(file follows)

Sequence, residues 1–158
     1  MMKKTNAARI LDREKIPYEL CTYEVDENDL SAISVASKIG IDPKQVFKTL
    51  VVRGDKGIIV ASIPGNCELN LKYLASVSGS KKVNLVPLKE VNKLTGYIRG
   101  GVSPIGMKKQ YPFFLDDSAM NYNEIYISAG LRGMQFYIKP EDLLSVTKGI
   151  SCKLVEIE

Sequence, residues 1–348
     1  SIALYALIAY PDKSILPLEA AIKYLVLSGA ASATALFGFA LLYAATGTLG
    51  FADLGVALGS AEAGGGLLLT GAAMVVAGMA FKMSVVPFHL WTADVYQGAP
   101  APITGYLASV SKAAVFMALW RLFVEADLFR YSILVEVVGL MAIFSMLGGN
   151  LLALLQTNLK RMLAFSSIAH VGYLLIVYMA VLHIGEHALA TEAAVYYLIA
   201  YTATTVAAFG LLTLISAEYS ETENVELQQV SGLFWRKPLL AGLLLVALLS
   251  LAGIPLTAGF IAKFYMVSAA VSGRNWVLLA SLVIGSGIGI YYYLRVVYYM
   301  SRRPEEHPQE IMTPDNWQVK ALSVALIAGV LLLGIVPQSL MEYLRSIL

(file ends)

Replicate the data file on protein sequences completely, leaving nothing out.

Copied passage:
Sequence, residues 1–158
     1  MMKKTNAARI LDREKIPYEL CTYEVDENDL SAISVASKIG IDPKQVFKTL
    51  VVRGDKGIIV ASIPGNCELN LKYLASVSGS KKVNLVPLKE VNKLTGYIRG
   101  GVSPIGMKKQ YPFFLDDSAM NYNEIYISAG LRGMQFYIKP EDLLSVTKGI
   151  SCKLVEIE

Sequence, residues 1–348
     1  SIALYALIAY PDKSILPLEA AIKYLVLSGA ASATALFGFA LLYAATGTLG
    51  FADLGVALGS AEAGGGLLLT GAAMVVAGMA FKMSVVPFHL WTADVYQGAP
   101  APITGYLASV SKAAVFMALW RLFVEADLFR YSILVEVVGL MAIFSMLGGN
   151  LLALLQTNLK RMLAFSSIAH VGYLLIVYMA VLHIGEHALA TEAAVYYLIA
   201  YTATTVAAFG LLTLISAEYS ETENVELQQV SGLFWRKPLL AGLLLVALLS
   251  LAGIPLTAGF IAKFYMVSAA VSGRNWVLLA SLVIGSGIGI YYYLRVVYYM
   301  SRRPEEHPQE IMTPDNWQVK ALSVALIAGV LLLGIVPQSL MEYLRSIL